As you might suspect, boat plumbing in Ft. Lauderdale, FL is different from household plumbing. Though it shares some similarities with RVs, like small space and mobility, there are differences between them, too.
First of all, you’re not on solid ground, and there’s a plumbing system to safely discharge the water you use on your boat. Second, and this applies even more so to saltwater vessels, you need to have storage for the water you’re going to use. How does plumbing work on a yacht? How does the water get to and drain away from sinks, showers and toilets? Read on to find out.
Let’s start with how the water gets in. Boats have a freshwater storage tank filled with potable water. Only the shower and the sink need fresh water, and both use a pump to draw from this tank as their source. Obviously, the toilet doesn’t need to be filled with drinking water, so where does that water come from? The toilet on a boat is either a chemical toilet (something like a nautical porta potty), or it uses a device called a seacock to get water from the outside. This is a valve that draws water in from wherever you are floating with the use of a pump. It has a mesh filter that keeps out debris.
Now that we’ve got water in, how does it get out? And what keeps it from polluting the water around you?
Used water from sinks and showers can be routed through a gray water system. In this system, used water goes through a P-trap and then out into the water. Because it goes back out into the environment, you must use biodegradable soap, which is usually labeled “no phosphates.” Water from the shower drains either to the bilge or to a dedicated shower sump, and from there it’s pumped outside (usually above the waterline).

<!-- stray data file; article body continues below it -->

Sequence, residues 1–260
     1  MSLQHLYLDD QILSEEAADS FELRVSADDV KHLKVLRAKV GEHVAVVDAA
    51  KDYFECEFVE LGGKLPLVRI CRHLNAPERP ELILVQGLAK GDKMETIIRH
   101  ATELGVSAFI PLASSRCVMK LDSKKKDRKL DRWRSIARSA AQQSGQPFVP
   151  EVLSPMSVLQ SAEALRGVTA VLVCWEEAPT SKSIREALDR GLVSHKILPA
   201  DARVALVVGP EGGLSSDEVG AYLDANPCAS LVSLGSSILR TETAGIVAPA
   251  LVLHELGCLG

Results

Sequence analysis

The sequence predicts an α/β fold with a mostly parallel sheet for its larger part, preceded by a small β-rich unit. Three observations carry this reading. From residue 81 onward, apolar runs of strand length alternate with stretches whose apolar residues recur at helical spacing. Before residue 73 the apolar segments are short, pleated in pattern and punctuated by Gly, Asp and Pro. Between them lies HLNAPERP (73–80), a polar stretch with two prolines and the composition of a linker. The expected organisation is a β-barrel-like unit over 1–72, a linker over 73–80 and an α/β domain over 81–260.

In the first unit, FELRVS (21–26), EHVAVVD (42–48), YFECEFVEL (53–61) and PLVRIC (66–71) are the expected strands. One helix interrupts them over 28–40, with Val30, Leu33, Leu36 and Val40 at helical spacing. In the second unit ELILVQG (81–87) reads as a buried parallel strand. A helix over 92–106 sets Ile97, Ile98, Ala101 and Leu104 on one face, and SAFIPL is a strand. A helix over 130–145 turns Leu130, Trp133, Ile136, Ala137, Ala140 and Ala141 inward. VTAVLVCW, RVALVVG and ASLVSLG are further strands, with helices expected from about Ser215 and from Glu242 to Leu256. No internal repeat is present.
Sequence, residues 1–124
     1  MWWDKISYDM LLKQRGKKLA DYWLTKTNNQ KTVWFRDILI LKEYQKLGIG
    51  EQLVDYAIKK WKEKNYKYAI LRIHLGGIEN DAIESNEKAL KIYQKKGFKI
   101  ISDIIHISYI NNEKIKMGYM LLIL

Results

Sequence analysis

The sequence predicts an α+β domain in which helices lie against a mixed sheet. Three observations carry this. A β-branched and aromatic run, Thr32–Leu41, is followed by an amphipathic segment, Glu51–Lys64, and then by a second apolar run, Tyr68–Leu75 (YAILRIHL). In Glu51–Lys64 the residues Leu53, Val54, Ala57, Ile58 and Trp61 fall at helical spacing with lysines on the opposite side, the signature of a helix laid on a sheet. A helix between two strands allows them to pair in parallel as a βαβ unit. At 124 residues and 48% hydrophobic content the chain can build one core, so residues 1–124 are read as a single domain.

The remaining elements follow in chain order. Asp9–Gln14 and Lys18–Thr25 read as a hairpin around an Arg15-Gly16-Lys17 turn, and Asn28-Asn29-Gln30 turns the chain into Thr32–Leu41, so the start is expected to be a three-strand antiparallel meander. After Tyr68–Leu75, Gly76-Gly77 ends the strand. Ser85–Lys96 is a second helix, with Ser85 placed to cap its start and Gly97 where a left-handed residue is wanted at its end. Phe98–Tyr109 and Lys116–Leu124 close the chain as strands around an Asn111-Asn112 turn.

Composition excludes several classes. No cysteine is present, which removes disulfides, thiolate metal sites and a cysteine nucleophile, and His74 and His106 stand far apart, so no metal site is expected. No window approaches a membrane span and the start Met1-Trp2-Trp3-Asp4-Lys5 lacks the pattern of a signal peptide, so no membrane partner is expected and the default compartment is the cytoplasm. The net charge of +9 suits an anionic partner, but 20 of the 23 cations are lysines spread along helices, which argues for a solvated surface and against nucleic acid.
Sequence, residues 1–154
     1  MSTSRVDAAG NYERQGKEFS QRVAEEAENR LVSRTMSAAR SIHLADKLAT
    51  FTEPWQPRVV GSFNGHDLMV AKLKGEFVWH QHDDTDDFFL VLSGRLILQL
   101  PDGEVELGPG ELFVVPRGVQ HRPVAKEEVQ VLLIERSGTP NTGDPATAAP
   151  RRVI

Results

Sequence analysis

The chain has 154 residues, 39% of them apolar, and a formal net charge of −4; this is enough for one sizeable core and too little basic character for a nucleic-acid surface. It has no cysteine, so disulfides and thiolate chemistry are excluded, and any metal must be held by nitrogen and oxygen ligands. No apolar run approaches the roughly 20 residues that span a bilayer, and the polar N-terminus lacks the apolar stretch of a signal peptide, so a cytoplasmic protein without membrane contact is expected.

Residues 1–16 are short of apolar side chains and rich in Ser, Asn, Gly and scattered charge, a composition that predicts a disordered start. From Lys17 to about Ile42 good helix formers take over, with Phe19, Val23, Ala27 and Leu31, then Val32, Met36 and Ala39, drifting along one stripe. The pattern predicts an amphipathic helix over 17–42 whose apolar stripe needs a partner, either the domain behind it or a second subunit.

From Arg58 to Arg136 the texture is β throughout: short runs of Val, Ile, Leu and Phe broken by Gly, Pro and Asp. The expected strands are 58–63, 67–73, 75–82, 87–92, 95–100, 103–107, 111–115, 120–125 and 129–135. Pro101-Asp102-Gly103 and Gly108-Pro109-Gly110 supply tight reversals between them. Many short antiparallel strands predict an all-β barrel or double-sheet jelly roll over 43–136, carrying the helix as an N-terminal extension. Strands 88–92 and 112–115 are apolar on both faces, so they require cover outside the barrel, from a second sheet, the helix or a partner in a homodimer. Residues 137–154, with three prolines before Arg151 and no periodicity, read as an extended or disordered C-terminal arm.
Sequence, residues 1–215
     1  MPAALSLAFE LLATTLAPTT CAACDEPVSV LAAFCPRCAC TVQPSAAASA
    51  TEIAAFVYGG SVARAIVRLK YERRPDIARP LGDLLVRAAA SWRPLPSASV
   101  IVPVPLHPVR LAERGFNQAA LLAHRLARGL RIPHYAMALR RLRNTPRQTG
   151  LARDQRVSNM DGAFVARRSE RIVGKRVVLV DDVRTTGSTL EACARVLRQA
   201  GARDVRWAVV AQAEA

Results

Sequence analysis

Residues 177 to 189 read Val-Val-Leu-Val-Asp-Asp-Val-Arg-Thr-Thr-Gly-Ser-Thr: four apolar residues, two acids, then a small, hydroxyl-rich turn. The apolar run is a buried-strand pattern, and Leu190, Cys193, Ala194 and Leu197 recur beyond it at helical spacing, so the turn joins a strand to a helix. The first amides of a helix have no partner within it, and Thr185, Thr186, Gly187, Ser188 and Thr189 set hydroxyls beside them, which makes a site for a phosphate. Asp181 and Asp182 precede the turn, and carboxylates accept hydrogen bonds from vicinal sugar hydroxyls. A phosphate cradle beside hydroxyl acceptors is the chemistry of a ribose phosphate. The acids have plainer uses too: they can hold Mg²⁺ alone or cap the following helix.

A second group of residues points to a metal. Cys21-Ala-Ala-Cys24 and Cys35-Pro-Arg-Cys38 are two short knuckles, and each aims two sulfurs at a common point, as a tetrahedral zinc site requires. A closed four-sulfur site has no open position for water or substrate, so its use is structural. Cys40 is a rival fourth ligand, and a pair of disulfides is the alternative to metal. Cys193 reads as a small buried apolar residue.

Of course, you don’t want anything from the toilet going out into the environment, so for this “black water,” there is a holding tank. This tank can be emptied as a dock with a pumping station.
How does the water get around? The pumps are the main force for moving water, and these can either be electric or manual. The type of pump you use will also determine what kind of spigot your faucet requires.
All the piping for the water system on your boat must be non-toxic and non-contaminating. Traditionally, clear PVC reinforced with polyester braid has been used for this. Recently, however, semi-rigid polyethylene (PE) tubing has become a popular choice. This is often used in RVs, and can be combined with quick-connect fittings for easy assembly. PE tubing comes standard in opaque white, but you can also get it in different colors like blue or red, which may come in handy down the road for identifying water lines. PE is less flexible than PVC and must be cut to specific lengths, but the tubing is cheaper than PVC.
For more information about how your yacht’s plumbing works in Fort Lauderdale, FL, call Starboard Yacht Group LLC today.